6. Mehdi Abbas, 2011. "Mondialisation et développement. Quelle soutenabilité au régime de l'organisation mondiale du commerce ?," Post-Print halshs-00602996, HAL.
    7. Rena, Ravinder, 2005. "Developing Countries And Their Participation In The Wto In Making Trade Policy – An Analysis," MPRA Paper 10367, University Library of Munich, Germany, revised Apr 2006.
    8. Christian Bjørnskov & Kim Martin Lind, 2005. "Underlying Policies in the wto, the Harbinson Proposal and the Modalities Agreement," Revue économique, Presses de Sciences-Po, vol. 56(6), pages 1385-1412.
    9. Khorana, Sangeeta, 2008. "The Developmental Relevance of Tariff Rate Quotas as a Market Access Instrument: An Analysis of Swiss Agricultural Imports," Estey Centre Journal of International Law and Trade Policy, Estey Centre for Law and Economics in International Trade, vol. 9(2).

    More about this item

    JEL classification:

    • F1 - International Economics - - Trade
    • F2 - International Economics - - International Factor Movements and International Business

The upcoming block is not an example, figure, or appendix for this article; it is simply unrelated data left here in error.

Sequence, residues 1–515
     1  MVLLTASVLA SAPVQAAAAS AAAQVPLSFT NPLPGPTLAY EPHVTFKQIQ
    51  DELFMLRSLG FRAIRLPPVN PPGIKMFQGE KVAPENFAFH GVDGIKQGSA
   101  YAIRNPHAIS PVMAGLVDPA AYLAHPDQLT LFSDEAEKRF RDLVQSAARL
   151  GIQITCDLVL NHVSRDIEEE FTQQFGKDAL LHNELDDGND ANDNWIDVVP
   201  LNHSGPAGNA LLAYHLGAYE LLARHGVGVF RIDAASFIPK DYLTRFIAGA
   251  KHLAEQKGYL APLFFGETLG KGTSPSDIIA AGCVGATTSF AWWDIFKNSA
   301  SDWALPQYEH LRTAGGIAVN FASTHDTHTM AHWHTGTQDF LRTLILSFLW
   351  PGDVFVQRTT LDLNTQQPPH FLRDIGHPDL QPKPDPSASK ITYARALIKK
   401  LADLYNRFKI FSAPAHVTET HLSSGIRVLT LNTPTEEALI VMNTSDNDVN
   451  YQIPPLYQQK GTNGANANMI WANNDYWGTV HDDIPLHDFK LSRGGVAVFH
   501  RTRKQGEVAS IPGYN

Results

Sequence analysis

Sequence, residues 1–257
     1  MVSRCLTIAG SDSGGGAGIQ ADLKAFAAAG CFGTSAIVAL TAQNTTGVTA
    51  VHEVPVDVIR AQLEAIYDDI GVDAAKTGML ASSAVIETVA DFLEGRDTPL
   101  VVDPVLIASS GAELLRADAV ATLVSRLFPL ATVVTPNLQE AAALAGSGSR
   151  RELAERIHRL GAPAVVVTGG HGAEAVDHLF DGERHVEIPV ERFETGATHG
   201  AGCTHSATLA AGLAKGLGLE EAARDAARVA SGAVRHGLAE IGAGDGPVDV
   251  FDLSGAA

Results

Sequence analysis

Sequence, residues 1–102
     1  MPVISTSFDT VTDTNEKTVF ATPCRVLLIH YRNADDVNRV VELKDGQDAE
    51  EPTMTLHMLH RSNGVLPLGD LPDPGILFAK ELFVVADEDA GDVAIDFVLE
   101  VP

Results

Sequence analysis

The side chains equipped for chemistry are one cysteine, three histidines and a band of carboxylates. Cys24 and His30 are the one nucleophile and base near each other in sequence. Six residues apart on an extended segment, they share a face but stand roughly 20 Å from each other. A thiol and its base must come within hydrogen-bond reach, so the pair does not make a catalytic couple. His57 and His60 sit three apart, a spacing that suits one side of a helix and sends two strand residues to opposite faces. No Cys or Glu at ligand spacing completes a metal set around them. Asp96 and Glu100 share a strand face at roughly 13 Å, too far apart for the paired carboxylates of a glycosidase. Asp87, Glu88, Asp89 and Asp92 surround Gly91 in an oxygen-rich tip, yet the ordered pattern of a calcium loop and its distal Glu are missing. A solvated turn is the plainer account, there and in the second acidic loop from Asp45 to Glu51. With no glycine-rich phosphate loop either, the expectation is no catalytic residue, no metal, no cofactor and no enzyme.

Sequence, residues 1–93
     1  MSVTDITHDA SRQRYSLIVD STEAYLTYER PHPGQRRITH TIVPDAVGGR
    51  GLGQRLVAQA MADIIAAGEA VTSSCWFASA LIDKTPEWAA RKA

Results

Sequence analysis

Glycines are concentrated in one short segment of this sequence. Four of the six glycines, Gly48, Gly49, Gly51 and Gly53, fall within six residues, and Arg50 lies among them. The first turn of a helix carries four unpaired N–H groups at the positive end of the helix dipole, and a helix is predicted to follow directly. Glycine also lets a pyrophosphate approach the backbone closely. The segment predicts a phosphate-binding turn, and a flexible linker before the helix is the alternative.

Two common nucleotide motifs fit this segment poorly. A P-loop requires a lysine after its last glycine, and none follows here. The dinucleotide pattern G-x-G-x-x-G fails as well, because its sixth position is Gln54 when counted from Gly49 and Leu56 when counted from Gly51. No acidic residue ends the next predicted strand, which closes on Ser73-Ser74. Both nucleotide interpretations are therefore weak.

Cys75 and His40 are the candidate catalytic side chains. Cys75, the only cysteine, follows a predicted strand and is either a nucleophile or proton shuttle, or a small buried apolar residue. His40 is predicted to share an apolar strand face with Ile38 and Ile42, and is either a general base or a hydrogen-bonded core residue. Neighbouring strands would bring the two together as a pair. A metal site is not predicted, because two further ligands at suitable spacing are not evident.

Statistics

    Access and download statistics

    Corrections

    All material on this site has been provided by the respective publishers and authors. You can help correct errors and omissions. When requesting a correction, please mention this item's handle: RePEc:bla:worlde:v:25:y:2002:i:9:p:1205-1233. See general information about how to correct material in RePEc.

    For technical questions regarding this item, or to correct its authors, title, abstract, bibliographic or download information, contact: (Wiley-Blackwell Digital Licensing) or (Christopher F. Baum). General contact details of provider: http://www.blackwellpublishing.com/journal.asp?ref=0378-5920 .

    If you have authored this item and are not yet registered with RePEc, we encourage you to do it here. This allows to link your profile to this item. It also allows you to accept potential citations to this item that we are uncertain about.

    If CitEc recognized a reference but did not link an item in RePEc to it, you can help with this form .

    If you know of missing items citing this one, you can help us creating those links by adding the relevant references in the same way as above, for each refering item. If you are a registered author of this item, you may also want to check the "citations" tab in your RePEc Author Service profile, as there may be some citations waiting for confirmation.

    Please note that corrections may take a couple of weeks to filter through the various RePEc services.

    IDEAS is a RePEc service hosted by the Research Division of the Federal Reserve Bank of St. Louis . RePEc uses bibliographic data supplied by the respective publishers.